Government talks with labor unions; U.S. puts Ecuador on drug list; Correistas reclaim the name ‘Citizens Revolution’; Guatemala reinstates visa rule
Interior Minister Alexandra Vela said she and President Guillermo Lasso have agreed to hold discussions with the labor leaders who organized Wednesday’s anti-government protests. On Thursday, Vela met with leaders of the United Workers Front and other labor organizations and agreed on a structure for the talks. FUT is insisting that Lasso be involved in the talks and Vela said the president is agreeable.
The government and labor unions are far apart on a number of issues, including Lasso’s proposed Law of Opportunity which makes it easier for employers to hire and fire employees as well as Ecuador’s relationship with the International Monetary Fund, which labor wants terminated.
Deputy Minister of Interior Juan Manuel Fuertes, who attended Thursday’s meeting with Vela, said the two sides share a number of common goals that should be developed. “Despite the differences, we all want to increase employment opportunities and build a stronger economy. We can start on common ground and then discuss the issues where we disagree.”
U.S. puts Ecuador on drug trafficking list
The United States has included Ecuador in a list of 22 countries it claims play the biggest roles in the production and transit of illegal drugs. The U.S. Drug Enforcement Agency says that Ecuador is “not involved in a significant role” in the production of drugs but has become a “major player” in the transport of drugs from Peru and Colombia to the U.S. and Europe.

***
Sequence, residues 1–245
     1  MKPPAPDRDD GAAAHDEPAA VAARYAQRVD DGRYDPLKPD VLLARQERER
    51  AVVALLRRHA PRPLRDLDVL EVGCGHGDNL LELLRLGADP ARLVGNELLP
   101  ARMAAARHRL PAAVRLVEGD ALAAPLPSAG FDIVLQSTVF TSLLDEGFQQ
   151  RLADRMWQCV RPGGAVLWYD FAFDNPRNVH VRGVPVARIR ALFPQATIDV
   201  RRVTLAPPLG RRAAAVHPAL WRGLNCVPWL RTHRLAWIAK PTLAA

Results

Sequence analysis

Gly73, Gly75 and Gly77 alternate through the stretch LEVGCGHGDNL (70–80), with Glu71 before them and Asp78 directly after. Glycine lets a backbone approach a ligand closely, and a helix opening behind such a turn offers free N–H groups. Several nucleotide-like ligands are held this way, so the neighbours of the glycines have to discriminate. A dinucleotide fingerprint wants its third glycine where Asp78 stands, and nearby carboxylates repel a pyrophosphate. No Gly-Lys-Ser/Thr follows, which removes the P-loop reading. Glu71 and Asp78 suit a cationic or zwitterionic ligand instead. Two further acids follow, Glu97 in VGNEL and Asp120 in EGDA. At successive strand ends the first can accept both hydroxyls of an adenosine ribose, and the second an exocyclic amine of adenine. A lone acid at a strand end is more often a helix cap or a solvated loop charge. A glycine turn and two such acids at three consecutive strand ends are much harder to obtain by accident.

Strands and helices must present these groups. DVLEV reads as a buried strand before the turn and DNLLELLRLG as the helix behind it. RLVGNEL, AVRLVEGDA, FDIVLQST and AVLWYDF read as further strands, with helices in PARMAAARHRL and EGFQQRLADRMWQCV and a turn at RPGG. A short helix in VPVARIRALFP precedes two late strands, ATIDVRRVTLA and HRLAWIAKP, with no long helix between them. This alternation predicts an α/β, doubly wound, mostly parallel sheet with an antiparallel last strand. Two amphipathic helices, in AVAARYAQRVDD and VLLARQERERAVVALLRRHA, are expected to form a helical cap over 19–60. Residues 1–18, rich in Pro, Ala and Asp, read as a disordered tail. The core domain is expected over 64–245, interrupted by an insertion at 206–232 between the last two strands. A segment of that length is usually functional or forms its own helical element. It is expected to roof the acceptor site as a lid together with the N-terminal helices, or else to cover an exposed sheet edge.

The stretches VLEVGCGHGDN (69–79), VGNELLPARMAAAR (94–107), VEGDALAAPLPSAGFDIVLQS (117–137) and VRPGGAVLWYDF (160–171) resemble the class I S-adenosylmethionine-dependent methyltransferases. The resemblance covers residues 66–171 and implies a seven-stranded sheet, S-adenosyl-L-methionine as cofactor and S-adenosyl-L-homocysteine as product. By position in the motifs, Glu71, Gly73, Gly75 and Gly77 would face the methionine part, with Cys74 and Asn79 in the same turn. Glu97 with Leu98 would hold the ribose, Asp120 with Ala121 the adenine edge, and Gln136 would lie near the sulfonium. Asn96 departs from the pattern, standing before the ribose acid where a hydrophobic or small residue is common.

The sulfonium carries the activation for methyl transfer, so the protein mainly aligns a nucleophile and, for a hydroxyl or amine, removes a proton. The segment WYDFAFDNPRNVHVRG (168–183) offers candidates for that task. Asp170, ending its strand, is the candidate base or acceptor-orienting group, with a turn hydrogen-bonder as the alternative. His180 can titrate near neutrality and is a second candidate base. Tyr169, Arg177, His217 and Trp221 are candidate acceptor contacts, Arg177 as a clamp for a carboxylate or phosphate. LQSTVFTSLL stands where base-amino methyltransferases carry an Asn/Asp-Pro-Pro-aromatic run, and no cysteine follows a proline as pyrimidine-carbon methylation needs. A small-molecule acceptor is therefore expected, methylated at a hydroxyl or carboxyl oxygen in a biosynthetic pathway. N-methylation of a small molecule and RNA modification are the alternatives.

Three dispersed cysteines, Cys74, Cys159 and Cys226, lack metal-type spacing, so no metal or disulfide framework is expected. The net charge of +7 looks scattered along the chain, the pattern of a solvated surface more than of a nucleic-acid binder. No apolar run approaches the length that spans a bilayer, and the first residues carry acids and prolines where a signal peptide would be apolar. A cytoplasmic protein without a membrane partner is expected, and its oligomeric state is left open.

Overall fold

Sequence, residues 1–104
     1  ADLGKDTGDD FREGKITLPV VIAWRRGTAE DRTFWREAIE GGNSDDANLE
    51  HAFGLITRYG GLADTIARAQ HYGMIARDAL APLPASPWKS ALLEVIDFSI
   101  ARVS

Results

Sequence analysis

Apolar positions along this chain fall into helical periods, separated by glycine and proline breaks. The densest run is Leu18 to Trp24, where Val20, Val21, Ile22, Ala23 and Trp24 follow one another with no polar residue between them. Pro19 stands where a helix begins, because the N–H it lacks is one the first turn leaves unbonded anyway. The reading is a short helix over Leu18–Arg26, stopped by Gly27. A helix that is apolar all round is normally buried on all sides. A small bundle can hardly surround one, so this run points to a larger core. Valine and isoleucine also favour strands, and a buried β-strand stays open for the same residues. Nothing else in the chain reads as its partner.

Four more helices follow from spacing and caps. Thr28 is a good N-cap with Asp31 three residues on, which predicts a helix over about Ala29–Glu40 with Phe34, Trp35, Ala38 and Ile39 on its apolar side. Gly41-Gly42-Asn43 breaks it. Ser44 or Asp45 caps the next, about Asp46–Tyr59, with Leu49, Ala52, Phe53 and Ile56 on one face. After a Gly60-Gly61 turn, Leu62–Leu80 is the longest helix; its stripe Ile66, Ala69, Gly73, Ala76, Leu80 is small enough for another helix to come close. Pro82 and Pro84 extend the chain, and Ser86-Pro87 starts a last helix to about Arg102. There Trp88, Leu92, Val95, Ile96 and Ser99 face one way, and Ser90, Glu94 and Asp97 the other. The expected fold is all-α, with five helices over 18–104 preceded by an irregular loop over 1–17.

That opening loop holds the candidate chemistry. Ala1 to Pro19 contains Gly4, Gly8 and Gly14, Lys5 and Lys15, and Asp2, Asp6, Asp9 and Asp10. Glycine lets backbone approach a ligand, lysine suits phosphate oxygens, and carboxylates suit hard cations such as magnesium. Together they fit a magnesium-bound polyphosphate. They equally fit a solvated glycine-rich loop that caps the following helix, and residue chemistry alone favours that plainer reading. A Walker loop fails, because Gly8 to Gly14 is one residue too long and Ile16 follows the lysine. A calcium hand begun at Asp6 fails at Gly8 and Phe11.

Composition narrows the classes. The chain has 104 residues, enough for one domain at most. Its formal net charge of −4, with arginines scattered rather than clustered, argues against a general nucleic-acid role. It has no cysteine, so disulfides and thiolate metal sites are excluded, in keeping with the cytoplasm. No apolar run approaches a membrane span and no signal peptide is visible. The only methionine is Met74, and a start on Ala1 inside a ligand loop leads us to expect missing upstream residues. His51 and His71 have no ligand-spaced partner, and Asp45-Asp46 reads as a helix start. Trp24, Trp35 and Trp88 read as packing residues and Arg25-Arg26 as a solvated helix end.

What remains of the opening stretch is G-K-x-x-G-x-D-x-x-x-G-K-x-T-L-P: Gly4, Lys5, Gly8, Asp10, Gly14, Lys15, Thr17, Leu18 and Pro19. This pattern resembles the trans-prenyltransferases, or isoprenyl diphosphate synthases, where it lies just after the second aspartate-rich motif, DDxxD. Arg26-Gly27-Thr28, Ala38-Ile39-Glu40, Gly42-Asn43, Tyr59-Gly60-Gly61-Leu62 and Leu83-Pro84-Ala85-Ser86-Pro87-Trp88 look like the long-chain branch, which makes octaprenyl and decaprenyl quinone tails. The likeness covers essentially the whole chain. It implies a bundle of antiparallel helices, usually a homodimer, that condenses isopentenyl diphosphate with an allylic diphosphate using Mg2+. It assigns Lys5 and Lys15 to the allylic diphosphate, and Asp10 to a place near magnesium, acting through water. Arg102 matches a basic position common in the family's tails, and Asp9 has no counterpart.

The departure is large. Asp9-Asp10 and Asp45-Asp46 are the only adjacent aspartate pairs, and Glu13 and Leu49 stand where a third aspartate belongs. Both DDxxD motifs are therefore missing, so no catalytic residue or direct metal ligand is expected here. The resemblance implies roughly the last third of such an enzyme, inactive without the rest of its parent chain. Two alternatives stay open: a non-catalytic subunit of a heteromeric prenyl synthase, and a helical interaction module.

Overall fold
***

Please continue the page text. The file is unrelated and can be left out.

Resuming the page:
The DEA statement said that inclusion of the list did not imply that the countries were not active in combating the illegal drug trade and noted that several of the countries, including Ecuador, have recently taken strong measures to improve law enforcement. The agency said that the U.S. has allocated $10.7 billion in the current budget year to fight the international drug trade, much of it going to countries on the list.
In addition to drug transit operations along Ecuador’s coast, the DEA said that large shipments of drugs pass through the uninhabited Galapagos Islands.
In addition to Ecuador, Peru, Venezuela, Colombia, Bolivia, Costa Rica, Bahamas, El Salvador, Guatemala, Haiti, Honduras, Mexico, Nicaragua, Jamaica, Panama, the Dominican Republic and Belize are the Latin American and Caribbean countries on the DEA list.
Correistas reclaim the name Citizens Revolution
The National Electoral Council had approved the Movimiento Fuerza Compromiso Social’s application to rename itself the Revolución Ciudadana, or Citizens Revolution. The CNE rejected Fuerza Compromiso Social’s use of the name in 2018 based the fact that it was still used by Alianza País, the party created by former president Rafael Correa but was then under the leadership of former president Lenin Moreno, who opposed many of Correa’s positions. The CNE granted permission Friday based on the fact that Alianza País was no longer using the slogan.
Fuerza Compromiso Social has the largest voting block in the National Assembly, with 47 of 137 of members.
Guatemala reinstates visa requirement for Ecuadorians
Guatemala is once again requiring visas for Ecuadorian travelers. The government, which had dropped the requirement in 2019 said it was necessary to reinstate it due to increasing numbers of Ecuadorians using the country as a transit route to the U.S. “We will always welcome Ecuadorian tourists to our country but the number of non-regular travelers from Ecuador requires us to once again require visas,” the Guatemala Department of Migration said Thursday.
According to the department, more than 200 Ecuadorians intending to travel to the U.S. have been detained in Guatemala City and are awaiting deportation back to Ecuador. The department says that new requirements for Ecuadorians by the Mexican government has increased the number of Ecuadorians attempting to travel to the U.S. and passing through Guatemala.